The season’s final concert–a collaboration among Resonance, local gospel choir Kingdom Sound, singers auditioned from around the area, and the Oregon Symphony–was to be the world premiere of An African American Requiem by Oregon composer and bass-baritone Damien Geter, a full-length choral and orchestral work commissioned by Resonance Ensemble. When the symphony cancelled the remainder of its season due to the COVID-19 outbreak, the premiere was rescheduled for January 22, 2021.

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Music Notes: transitions & triumphs

Summer roundup of recent news in Oregon classical and jazz music

Oregon’s leading classical music public radio station All Classical Portland has launched a brand-new second radio network, for children. The International Children’s Arts Network (ICAN) is a 24-hour radio service and, the station announcement says, is the first of its kind in the US. Designed for young listeners, the network features music, poems, and literature from around the world, locally produced and curated by All Classical Portland. “ICAN provides an audio destination where kids can be inspired to listen, dance, color outside the lines, and create their own adventures,” ICAN Program Manager Sarah Zwinklis said in a press release. “Much of the content on the network will be presented by children – we believe in the power of these young voices.” Listen online at allclassical.org/ican or through an HD Radio.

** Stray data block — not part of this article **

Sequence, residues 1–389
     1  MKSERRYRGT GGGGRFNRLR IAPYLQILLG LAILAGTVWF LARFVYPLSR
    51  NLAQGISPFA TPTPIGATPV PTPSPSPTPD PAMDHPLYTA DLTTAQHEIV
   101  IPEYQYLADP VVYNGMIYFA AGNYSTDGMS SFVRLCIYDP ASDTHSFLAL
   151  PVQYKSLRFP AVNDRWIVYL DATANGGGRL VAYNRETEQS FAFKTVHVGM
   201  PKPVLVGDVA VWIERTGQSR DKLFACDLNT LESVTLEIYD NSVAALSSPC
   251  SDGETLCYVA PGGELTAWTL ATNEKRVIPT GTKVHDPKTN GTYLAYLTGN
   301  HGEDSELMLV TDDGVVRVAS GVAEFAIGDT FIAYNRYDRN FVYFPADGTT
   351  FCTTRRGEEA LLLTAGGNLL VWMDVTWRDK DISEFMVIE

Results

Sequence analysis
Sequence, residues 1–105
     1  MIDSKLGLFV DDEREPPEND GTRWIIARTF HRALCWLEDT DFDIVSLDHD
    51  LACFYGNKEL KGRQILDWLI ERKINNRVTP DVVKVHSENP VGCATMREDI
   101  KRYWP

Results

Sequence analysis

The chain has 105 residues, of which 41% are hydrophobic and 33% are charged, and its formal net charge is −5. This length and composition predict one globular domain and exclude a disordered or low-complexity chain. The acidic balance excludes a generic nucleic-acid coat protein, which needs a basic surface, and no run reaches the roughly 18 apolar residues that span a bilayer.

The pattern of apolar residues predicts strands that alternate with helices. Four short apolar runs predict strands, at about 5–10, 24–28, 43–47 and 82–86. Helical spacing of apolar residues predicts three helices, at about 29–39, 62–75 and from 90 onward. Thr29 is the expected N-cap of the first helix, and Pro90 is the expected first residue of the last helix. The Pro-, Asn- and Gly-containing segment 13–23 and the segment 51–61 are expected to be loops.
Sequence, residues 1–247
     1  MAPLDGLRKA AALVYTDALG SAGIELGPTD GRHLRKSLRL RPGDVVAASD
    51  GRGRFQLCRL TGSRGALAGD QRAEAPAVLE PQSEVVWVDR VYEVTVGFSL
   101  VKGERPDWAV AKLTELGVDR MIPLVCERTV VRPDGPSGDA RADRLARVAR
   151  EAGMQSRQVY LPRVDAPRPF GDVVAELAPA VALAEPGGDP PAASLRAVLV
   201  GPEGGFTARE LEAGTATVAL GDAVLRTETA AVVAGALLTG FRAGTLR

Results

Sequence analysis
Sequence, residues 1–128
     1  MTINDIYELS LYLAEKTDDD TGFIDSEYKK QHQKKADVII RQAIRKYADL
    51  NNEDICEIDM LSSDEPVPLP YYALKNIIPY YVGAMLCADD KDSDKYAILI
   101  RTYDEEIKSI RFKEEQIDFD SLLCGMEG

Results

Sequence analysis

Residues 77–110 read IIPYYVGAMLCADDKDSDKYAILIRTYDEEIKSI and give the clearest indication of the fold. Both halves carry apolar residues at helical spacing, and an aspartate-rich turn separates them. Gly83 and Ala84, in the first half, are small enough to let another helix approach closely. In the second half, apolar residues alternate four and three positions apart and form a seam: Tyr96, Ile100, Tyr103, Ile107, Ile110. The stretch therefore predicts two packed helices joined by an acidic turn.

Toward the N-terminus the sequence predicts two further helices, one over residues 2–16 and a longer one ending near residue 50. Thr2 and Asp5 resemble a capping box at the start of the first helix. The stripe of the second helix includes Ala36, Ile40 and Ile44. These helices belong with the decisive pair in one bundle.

The station also operates a free arts journalism mentorship program that selects three high school age (ages 15-18) students from Oregon & SW Washington to be Youth Roving Reporters each year. From September – June, they’ll learn how to use recording equipment in the field, attend two arts events, conduct interviews with artistic leaders or performers, and learn to produce their interviews for radio broadcast. As ArtsWatch has previously reported, it also operates JOY: an Artist in Residence program, which includes a young artist residency.

Laurels & Shekels

• Speaking of All Classical Portland, Metropolitan Youth Symphony presented the station its 2019 Musical Hero Award in April. The station’s On Deck with Young Musicians program has featured dozens of MYS musicians in performances and interviews with All Classical Portland host and producer Christa Wessel.